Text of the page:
These past two years of the pandemic have been highly stressful, especially for our front-line health care workers. It comes as no surprise that during these unprecedented times people have been reporting higher levels of stress, anxiety and depression. Our front-line workers have seen these effects firsthand with their patients, themselves and the public. It is time that we give more recognition to their hard work and more resources to regulate their own nervous systems. During a high-stress time, there are many things you can do to regulate your own nervous system including acupuncture, certain herbal remedies like the use of adaptogens, and meditation. Let’s look at how these different modalities help support you when your body is responding to stress.
Acupuncture needles create microtraumas in the area in which they are inserted, telling the body that healing needs to happen there. The needles are inserted into different areas and/or meridians of the body which regulates both qi (energy) and blood flow, therefore, increasing circulation, decreasing pain, strengthening your immune system and regulating the endocrine system which helps to balance your hormones. When you are in a stress response, your body will have an excess of cortisol and adrenaline which are helpful in a moment of stress, but when these substances stay elevated, it leads to health conditions like high blood pressure, heart disease, weight gain, difficulty sleeping, anxiety, headaches and other chronic health conditions. Acupuncture helps reset your nervous system, takes you out of flight or fight and back to homeostasis.
Chronic stress is really taxing on your immune system. Your body is focused on being in fight-or-flight mode constantly, which takes energy and resources away from your body’s defense against pathogens. Not only will you get sick easier, but your recovery will be longer. Your body loses its resiliency over a period of chronic stress. Being in this fight-or-flight state also decreases your digestive processes, which leads to poor nutrient absorption and increased inflammation. On top of these symptoms, many people also have a decreased sex drive, increased irritability and difficulty concentrating. Adrenal fatigue is a concern after a long period of extreme stress and increased cortisol and adrenaline. To combat this, another great modality to try is herbal medicine. There are herbs called adaptogens that actually help modulate your body’s stress response. They fight to re-regulate your hormones and calm your nervous system. This helps to reverse all of the negative side effects mentioned above. Some of my favorite adaptogens include ginseng, certain mushrooms like reishi and cordyceps, ashwagandha and maca. Incorporating some of these into your daily routine can have a profoundly positive effect on your nervous system.
The last modality that heavily combats the body’s stress response is meditation. During meditation, you come back into your body and focus on your breath. This change of pace and lack of stimulation from the outside world lowers your heart rate and helps to lower stress and anxiety. Shutting out the outside world and taking breaks from constant stimulation have a positive effect on lowering cortisol and helping to strengthen your immune system. From a Chinese medicine perspective, this makes perfect sense, because your skin houses the first layer of your immune system’s response as does your lungs, and the skin is seen as an extension of your lungs. Both your lungs and skin are your first contact with the outside world through breath and touch, and both belong to the metal element. One of my favorite meditations to do when I only have a few minutes is alternate nostril breathing. This breath pattern helps connect the hemispheres of your brain and brings a sense of calm. You do this by taking your thumb and pointer finger of one hand and raising it to your nose, blocking your right nostril with one of your fingers, inhaling through your left nostril, holding your breath while you switch to blocking off your left nostril with your other finger, exhale through your right nostril, inhale back through your right nostril, hold your breath while you switch to blocking off your right nostril, exhale through your left nostril, inhale back through your left nostril, etc. Try it for a few minutes at a time and, if you like it, work up to doing this for 11 minutes. It is important to note that even if you do this for only a minute, you have successfully meditated. You do not need to sit there for 10 minutes right off the bat.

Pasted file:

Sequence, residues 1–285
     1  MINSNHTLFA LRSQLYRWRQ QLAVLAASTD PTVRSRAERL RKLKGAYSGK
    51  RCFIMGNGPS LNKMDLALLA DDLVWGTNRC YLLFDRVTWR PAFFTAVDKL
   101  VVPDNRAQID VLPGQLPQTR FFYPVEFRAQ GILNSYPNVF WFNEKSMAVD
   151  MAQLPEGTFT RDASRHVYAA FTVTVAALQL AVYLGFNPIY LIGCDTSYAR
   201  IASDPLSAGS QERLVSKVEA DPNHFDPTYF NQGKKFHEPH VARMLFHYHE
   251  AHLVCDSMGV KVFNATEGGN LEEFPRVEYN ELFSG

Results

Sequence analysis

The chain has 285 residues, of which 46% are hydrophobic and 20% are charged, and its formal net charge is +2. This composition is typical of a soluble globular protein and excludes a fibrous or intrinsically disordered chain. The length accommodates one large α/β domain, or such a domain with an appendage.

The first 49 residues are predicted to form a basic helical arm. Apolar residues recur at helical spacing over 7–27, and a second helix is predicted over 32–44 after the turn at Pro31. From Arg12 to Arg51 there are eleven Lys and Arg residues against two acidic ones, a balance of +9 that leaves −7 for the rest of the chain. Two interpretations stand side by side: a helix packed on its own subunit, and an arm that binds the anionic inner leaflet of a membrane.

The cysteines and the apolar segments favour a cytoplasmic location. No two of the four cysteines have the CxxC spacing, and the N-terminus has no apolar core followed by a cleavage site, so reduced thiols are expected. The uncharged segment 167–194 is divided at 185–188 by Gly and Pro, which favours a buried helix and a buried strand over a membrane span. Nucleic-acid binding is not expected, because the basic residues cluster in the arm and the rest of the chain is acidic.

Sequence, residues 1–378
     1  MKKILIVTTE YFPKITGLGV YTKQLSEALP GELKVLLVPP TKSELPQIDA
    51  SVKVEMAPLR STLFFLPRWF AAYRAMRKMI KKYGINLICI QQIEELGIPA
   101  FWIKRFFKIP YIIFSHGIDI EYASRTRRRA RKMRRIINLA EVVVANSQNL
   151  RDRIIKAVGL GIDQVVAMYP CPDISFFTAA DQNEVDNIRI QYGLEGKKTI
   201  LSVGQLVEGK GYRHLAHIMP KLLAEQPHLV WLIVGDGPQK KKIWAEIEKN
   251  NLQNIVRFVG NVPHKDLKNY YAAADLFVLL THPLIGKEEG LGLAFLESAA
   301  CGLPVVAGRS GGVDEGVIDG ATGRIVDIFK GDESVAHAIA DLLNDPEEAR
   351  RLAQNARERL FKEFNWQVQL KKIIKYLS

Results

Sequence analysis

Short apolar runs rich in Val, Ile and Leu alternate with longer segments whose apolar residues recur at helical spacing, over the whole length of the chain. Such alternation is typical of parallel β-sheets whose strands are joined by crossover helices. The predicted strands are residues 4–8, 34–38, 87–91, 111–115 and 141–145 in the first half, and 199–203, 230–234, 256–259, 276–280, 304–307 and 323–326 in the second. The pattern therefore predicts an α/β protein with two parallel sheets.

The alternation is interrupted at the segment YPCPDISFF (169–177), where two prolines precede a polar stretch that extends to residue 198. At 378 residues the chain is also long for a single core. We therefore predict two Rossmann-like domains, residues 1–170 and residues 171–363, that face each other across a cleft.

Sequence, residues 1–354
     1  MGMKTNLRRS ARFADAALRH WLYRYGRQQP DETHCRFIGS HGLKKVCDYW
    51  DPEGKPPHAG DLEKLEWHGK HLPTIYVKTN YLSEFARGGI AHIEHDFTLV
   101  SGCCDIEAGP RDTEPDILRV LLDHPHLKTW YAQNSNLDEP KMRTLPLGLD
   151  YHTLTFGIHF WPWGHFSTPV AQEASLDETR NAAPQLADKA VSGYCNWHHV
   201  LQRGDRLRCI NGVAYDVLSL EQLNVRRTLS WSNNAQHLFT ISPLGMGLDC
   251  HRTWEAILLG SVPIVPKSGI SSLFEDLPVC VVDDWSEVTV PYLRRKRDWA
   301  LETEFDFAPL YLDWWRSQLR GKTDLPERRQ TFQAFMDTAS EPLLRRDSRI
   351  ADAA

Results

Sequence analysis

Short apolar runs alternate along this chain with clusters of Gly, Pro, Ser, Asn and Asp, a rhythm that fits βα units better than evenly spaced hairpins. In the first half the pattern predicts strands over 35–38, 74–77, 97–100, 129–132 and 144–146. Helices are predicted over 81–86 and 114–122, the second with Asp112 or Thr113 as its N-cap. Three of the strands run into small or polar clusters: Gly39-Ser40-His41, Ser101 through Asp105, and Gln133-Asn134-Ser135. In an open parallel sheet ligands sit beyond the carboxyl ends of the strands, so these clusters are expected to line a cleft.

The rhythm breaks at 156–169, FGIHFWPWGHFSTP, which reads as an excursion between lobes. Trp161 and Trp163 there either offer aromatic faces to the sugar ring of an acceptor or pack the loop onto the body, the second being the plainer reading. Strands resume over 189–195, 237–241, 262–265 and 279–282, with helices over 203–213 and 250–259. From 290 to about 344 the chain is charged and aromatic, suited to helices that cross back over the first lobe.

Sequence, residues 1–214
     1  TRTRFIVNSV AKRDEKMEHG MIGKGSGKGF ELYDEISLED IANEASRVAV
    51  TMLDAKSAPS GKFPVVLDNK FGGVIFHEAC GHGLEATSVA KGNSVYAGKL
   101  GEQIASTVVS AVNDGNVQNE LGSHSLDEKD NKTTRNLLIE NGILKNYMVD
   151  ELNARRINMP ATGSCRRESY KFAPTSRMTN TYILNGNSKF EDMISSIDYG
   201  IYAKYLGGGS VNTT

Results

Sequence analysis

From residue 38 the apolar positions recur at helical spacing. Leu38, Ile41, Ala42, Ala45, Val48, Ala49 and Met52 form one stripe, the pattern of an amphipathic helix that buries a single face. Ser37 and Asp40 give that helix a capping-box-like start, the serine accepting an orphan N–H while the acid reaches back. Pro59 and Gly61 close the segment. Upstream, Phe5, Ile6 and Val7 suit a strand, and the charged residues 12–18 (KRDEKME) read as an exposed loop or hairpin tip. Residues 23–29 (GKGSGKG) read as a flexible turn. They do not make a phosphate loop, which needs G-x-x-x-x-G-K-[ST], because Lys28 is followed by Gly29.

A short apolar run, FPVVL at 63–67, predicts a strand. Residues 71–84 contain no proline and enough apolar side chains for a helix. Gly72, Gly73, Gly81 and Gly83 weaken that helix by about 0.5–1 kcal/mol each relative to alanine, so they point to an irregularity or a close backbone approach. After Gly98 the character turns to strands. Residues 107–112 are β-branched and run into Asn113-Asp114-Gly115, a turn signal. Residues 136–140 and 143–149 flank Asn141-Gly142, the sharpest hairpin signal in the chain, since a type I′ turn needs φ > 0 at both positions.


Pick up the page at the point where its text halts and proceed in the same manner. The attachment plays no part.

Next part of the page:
Start slow and see how you feel. As always, if you want a more specific plan for yourself, reach out to your local acupuncturist or healthcare provider. Please take care of your nervous systems this year after everything we have all been through these past two years!
About the Author
Isabel Meijering is an acupuncturist in Austin, Texas and is the owner of “Admiring You Wellness.” She has a B.S. in biomedical sciences with a minor in psychology and has a deep love for both eastern and western medicine, which started with her introduction to yoga and grew from there. She also has her master’s in acupuncture with a specialization in Chinese herbal medicine as well as cupping therapy and her doctorate in acupuncture and Chinese medicine.